House prices: The floorplan mismeasurement scandal that’s costing homebuyers billions

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Anyone looking to buy a home has to rely on the property details provided by the seller and the estate agent to work out if it’s worth the money. However, new research has revealed that some of the details aren’t as accurate as they need to be. One company has uncovered a mismeasurement issue which could be costing buyers thousands on their new home. 

Pupil, a spatial data company, uses a digital measurement tool called Spec, which produces floorplans that are 99 percent accurate to a property’s true size. 

However, the company has discovered that there are huge discrepancies in the way the property industry is costing up homes that go on sale. 

Pupil found that one in eight properties measured by estate agents vary by at least 100 square feet from their accurate floorplans – which could mean buyers are paying far more than a property is really worth. 

The company claims that the revelation is “bigger than the PPI scandal” as floorplans in London are mismeasured by 54 square feet on average.

That’s the equivalent of the size of a small bedroom or study that’s being added to the value of the home. 

The incorrect figures could be costing homebuyers £33,800 per property in the capital, based on price per square feet. 

However, it could even amount to overspending by hundreds of thousands of pounds – and the cost of mis-measurement totals £119billion across the capital alone. 

The findings were revealed in the company’s Risks and Costs of Mismeasurement in Residential Property whitepaper.

It’s thought that the inaccurate figures are down to outdated measuring methods being used by estate agents in a bid to save money.

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Though some properties had inaccuracies that meant the size was underestimated, the company found that in 60 per cent of cases, traditional floor plans were overstated in size. 

James D Marshall, founder and chief executive officer at Pupil, said: “This scandal is misleading buyers, sellers and renters every day, leaving them tens and even hundreds of thousands of pounds out of pocket, and yet so many people aren’t aware it’s even happening. 

“It’s time for some transparency and accountability within the industry.”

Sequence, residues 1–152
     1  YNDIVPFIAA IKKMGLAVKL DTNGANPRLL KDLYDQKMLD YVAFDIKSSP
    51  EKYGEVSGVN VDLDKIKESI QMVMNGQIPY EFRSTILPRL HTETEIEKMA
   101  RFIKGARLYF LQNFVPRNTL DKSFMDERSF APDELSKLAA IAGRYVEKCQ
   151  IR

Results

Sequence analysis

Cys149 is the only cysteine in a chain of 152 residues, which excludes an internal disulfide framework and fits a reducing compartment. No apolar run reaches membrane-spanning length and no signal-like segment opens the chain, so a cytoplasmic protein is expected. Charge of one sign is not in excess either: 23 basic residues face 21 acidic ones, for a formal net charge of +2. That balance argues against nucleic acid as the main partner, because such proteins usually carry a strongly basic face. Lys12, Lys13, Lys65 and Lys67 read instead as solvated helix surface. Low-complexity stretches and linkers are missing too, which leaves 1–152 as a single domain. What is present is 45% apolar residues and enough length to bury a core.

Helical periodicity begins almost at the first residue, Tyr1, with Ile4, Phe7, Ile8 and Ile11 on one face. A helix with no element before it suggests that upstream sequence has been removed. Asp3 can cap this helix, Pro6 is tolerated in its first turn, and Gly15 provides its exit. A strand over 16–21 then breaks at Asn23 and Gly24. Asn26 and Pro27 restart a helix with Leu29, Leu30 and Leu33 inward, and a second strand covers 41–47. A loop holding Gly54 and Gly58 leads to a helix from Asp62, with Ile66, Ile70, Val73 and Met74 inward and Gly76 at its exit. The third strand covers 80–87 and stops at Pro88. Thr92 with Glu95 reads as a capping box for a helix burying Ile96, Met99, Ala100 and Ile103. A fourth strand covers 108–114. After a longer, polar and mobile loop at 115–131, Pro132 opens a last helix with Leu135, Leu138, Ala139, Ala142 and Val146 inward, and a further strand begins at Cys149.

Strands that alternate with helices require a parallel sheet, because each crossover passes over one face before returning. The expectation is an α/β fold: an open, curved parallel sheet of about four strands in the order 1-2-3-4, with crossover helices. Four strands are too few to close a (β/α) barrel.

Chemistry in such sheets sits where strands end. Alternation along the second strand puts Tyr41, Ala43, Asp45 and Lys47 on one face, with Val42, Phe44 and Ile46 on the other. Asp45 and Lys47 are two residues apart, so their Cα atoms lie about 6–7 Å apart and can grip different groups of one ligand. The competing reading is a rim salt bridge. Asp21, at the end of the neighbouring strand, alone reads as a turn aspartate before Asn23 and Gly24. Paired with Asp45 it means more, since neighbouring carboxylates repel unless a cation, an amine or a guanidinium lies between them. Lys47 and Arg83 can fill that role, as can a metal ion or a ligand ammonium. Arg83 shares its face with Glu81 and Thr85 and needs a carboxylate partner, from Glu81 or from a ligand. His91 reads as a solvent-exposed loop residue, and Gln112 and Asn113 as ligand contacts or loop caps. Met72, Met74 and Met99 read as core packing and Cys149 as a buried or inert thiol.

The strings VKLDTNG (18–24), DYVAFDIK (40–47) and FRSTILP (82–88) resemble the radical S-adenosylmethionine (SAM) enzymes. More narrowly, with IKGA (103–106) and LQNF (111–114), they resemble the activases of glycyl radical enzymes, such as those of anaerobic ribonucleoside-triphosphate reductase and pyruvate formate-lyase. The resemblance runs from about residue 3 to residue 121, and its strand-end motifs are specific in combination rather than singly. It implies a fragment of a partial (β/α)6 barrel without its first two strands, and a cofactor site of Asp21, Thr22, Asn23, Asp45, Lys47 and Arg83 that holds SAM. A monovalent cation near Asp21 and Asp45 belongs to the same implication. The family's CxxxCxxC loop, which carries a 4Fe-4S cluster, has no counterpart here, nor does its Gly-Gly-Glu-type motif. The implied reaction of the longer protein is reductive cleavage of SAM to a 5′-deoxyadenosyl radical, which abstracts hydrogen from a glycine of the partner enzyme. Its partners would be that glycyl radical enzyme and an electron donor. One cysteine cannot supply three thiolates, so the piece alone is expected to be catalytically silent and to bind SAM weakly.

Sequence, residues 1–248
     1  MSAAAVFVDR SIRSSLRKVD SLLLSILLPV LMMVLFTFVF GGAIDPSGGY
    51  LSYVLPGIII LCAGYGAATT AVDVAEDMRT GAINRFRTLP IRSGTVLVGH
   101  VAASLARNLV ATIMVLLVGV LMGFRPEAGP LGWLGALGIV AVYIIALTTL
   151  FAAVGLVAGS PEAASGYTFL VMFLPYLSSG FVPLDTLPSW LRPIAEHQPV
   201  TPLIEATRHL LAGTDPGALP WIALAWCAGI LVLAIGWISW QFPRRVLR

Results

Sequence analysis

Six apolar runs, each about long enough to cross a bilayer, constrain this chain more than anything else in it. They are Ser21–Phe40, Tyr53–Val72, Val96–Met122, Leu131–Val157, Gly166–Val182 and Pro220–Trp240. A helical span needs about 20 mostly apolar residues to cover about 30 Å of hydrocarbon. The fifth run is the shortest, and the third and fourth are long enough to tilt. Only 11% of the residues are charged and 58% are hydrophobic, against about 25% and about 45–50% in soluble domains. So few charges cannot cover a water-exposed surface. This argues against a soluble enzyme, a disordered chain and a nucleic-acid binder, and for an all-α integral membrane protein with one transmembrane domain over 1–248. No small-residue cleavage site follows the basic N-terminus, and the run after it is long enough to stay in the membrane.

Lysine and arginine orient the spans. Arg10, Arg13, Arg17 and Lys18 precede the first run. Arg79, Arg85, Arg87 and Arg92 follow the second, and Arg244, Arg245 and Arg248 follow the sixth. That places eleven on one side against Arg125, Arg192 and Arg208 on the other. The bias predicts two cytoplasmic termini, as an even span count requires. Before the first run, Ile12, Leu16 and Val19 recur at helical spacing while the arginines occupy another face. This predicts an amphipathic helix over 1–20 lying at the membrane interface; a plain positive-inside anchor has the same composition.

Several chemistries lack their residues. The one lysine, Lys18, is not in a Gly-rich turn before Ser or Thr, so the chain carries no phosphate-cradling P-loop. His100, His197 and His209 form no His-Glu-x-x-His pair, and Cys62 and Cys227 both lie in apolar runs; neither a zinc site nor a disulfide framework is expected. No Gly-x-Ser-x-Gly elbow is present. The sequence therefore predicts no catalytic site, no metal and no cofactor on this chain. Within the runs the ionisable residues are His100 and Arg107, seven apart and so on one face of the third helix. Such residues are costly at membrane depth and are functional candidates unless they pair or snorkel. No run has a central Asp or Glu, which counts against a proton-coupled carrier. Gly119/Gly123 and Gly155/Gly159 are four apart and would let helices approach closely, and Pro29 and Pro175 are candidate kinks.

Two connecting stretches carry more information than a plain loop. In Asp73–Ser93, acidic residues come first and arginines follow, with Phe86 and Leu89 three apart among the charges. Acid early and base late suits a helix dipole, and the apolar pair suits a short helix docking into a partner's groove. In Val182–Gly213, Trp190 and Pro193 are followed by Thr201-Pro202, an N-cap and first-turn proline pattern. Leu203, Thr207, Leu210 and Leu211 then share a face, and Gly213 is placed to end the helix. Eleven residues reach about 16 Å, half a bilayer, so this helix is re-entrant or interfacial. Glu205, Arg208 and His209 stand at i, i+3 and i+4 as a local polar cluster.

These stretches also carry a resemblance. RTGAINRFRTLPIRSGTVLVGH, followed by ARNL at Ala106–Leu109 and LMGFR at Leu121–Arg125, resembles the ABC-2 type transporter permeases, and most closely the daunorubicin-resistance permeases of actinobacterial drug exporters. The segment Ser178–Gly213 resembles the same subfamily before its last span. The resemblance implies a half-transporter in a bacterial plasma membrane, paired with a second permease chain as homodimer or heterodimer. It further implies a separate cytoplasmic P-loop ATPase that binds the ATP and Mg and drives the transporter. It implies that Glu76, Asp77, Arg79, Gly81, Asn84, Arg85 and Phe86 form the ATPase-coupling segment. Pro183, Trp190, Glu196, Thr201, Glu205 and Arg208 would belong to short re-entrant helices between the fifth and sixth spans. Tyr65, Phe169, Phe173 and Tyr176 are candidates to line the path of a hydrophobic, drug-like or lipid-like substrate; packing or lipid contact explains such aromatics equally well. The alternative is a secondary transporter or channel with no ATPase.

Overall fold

James said that the inaccuracies were down to photographers often including unlivable areas in floorplans, such as a low-ceilinged loft or a fireplace.

“For far too long, property floor plans have been created by photographers who are not certified and lack the appropriate equipment to produce precise measurements. 

“The ‘for illustrative purposes’ guidance simply removes the duty of care to the consumer.”

“When the size of a house is measured inaccurately, the value changes and it confounds the buying and selling process; we have seen it happen too many times,” Marshall added. 

The company is now calling on the industry to step up and change the way they measure floorplans. 

“There is an urgent need for estate agents to standardise their measurement practices and remove “for illustrative purposes” floor plans across the industry so that people can make a more informed decision about a huge, often life changing decision,” commented Marshall. 

The change would mean that buyers “get what they pay for” as the data company discovered people had been cheated into spending more due to the wrong figures. 

Checking the numbers could also pay off for buyers if they don’t trust the details they’re given. 

Pupil found that one homebuyer managed to negotiate a sale down by £42,000 after he had a prospective property measured using Spec’s 3D spatial technology, and found the property to be 100 square feet smaller than advertised in estate agent floorplans. 

However, another homebuyer purchased a home for £2.6million after borrowing money from his bank, only to find out after the sale that the home was mis-measured by 70 square feet – or £84,000 in additional spend.

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